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Pediatric Nephrology

, Volume 18, Issue 9, pp 906–912 | Cite as

Interventions for steroid-resistant nephrotic syndrome: a systematic review

  • Doaa Habashy
  • Elisabeth M. Hodson
  • Jonathan C. Craig
Original Article

Abstract

In a systematic review and meta-analysis of randomized controlled trials (RCT), we aimed to evaluate the benefits and harms of all interventions for children with steroid-resistant nephrotic syndrome (SRNS). Nine RCTs involving 225 children were included. Cyclosporin when compared with placebo or no treatment significantly increased the number of children who achieved complete remission [3 trials, 49 children, relative risk (RR) for persistent nephrotic syndrome 0.64, 95% confidence intervals (CI), 0.47–0.88]. There was no significant difference in the number of children who achieved complete remission between oral cyclophosphamide with prednisone and prednisone alone [2 trials, 91 children, RR 1.01, 95% CI 0.74–1.36], between intravenous cyclophosphamide and oral cyclophosphamide [1 study, 11 children, RR 0.09, 95% CI 0.01–1.39], and between azathioprine with prednisone and prednisone alone [1 trial, 31 children, RR 1.01, 95% CI 0.77–1.32]. No RCTs were identified comparing combination regimens comprising high-dose steroids, alkylating agents or cyclosporin with single agents, placebo, or no treatment. Further adequately powered and well-designed RCTs are needed to confirm the efficacy of cyclosporin and to evaluate regimens of high-dose steroids with alkylating agents or cyclosporin for SRNS.

Keywords

Steroid-resistant nephrotic syndrome Meta-analysis Corticosteroids Immunosuppressive agents Angiotensin-converting enzyme inhibitors 

Notes

Acknowledgements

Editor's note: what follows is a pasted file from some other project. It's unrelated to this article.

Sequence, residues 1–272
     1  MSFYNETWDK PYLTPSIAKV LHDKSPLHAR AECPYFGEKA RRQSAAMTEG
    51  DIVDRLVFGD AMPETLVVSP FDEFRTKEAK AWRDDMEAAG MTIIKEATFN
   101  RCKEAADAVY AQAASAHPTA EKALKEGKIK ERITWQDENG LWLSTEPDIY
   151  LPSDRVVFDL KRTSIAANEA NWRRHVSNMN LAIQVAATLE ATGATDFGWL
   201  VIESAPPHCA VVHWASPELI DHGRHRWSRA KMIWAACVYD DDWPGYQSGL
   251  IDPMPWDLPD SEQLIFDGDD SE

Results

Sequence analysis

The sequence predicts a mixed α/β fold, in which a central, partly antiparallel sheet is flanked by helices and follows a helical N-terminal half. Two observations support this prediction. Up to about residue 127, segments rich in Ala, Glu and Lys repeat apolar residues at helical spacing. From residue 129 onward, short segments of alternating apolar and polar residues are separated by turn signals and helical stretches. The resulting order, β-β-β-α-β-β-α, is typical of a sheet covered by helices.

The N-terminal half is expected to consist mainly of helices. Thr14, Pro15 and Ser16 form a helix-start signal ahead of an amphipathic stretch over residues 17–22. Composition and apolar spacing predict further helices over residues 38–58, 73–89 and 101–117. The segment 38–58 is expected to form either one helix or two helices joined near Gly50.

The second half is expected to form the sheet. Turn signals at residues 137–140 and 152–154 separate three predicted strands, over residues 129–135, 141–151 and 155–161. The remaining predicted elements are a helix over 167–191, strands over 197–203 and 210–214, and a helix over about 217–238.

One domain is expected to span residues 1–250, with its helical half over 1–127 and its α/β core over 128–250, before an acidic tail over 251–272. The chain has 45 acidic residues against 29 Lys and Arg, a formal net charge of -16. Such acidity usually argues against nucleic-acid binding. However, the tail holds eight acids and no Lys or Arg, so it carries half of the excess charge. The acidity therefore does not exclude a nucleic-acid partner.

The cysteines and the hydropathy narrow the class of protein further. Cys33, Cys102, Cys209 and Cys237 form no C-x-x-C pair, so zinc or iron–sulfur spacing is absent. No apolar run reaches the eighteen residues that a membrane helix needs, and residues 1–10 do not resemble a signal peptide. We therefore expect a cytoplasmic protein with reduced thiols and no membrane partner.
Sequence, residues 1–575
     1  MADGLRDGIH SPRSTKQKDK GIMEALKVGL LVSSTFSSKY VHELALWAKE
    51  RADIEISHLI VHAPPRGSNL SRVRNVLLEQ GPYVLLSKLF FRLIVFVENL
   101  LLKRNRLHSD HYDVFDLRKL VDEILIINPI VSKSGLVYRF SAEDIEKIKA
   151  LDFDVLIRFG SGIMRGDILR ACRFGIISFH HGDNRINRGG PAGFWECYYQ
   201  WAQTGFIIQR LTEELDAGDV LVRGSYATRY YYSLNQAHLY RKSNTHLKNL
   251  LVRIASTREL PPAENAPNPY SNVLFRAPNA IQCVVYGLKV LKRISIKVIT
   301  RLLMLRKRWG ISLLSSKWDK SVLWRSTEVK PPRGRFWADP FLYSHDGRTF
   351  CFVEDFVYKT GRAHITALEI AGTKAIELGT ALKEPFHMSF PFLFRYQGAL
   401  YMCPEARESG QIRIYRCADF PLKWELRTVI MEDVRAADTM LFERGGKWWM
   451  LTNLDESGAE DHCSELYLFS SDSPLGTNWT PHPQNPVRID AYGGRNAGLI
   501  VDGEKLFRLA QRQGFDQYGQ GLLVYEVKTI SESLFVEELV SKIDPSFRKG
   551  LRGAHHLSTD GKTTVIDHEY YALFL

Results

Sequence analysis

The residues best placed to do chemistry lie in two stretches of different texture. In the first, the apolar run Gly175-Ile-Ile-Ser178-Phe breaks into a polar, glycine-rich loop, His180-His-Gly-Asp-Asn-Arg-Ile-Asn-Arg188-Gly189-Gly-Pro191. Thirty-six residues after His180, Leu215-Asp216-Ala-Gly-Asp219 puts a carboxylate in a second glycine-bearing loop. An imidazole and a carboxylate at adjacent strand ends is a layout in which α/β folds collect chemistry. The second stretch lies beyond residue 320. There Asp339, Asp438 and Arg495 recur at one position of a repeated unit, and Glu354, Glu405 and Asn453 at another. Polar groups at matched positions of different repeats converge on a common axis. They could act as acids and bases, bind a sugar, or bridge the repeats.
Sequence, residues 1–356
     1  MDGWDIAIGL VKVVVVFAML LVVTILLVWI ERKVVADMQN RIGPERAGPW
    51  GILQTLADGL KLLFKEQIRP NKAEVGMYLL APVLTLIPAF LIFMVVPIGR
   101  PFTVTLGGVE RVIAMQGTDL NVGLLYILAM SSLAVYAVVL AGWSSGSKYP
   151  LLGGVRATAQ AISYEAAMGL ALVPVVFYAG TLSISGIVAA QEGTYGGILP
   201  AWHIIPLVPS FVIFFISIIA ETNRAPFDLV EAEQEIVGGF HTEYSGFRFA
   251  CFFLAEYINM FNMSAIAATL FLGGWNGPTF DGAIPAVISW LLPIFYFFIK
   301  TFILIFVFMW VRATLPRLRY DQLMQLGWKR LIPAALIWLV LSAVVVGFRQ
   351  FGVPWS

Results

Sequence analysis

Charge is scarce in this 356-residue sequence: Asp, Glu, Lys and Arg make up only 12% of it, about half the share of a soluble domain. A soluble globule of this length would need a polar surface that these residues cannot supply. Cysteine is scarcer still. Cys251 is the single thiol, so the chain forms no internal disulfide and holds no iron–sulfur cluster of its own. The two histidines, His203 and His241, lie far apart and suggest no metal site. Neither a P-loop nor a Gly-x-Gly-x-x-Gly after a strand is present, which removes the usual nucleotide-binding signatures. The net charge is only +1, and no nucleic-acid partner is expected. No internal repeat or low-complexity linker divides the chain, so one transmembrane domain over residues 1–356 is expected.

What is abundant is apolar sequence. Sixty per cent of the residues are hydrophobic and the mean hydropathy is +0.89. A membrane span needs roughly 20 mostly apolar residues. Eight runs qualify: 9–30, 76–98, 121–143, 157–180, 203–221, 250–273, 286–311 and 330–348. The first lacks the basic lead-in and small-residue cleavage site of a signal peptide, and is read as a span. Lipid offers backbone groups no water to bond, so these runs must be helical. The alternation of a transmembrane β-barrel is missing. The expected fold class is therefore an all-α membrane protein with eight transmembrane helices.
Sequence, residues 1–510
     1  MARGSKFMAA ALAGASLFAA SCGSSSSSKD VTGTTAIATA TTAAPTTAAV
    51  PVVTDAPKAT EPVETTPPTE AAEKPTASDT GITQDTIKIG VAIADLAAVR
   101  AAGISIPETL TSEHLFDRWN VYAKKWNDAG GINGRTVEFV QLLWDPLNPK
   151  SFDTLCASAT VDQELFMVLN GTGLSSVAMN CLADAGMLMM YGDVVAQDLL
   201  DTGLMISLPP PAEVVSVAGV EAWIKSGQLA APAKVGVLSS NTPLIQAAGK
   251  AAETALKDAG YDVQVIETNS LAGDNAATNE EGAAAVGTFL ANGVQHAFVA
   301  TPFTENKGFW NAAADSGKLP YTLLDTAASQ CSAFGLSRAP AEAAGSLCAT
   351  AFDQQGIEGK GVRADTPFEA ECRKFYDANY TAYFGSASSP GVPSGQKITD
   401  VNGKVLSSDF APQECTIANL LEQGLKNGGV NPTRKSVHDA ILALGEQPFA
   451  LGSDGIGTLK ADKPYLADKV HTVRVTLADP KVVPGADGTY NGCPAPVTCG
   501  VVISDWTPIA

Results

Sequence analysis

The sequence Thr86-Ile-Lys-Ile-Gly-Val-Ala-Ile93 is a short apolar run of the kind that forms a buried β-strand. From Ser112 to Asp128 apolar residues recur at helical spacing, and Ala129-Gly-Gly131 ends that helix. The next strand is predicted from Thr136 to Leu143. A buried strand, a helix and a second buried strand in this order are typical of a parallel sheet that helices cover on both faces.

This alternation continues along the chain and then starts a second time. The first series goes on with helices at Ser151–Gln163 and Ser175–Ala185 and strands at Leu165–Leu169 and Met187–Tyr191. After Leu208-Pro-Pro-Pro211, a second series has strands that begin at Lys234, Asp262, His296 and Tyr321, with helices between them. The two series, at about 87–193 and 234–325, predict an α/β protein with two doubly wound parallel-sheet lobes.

This work was presented at the Annual Scientific Meeting of the Australian and New Zealand Society of Nephrology, Sydney, Australia, 2–4 September 2002 and published in abstract form in Nephrology 2002. Dr. Craig and Dr. Hodson are supported by the National Health and Medical Research Council of Australia and the Federal Department of Health and Aged Care of Australia. The authors would like to thank Dr. Arvind Bagga for providing additional trial data. The authors wish to thank Mrs. Narelle Willis, Review Group Co-ordinator of the Cochrane Renal Group, and Mrs. Ruth Mitchell, Trials Search Co-ordinator of the Cochrane Renal Group, for their help with this study, which was carried out for the Cochrane Collaboration.

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Copyright information

© IPNA 2003

Authors and Affiliations

  • Doaa Habashy
    • 1
  • Elisabeth M. Hodson
    • 1
    • 3
  • Jonathan C. Craig
    • 1
    • 2
  1. 1.Center for Kidney Research and Cochrane Renal Group, NHMRC Center for Clinical Research ExcellenceThe Children's Hospital at WestmeadSydneyAustralia
  2. 2.School of Public HealthUniversity of SydneySydneyAustralia
  3. 3.Center for Kidney ResearchThe Children's Hospital at WestmeadWestmeadAustralia

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